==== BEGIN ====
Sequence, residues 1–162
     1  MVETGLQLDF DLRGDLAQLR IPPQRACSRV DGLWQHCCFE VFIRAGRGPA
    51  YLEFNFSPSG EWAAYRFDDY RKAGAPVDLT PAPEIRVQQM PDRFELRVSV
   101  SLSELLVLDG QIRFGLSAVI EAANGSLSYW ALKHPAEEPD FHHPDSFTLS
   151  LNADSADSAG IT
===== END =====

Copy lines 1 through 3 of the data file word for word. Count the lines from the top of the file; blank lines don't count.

Sequence, residues 1–162
     1  MVETGLQLDF DLRGDLAQLR IPPQRACSRV DGLWQHCCFE VFIRAGRGPA
    51  YLEFNFSPSG EWAAYRFDDY RKAGAPVDLT PAPEIRVQQM PDRFELRVSV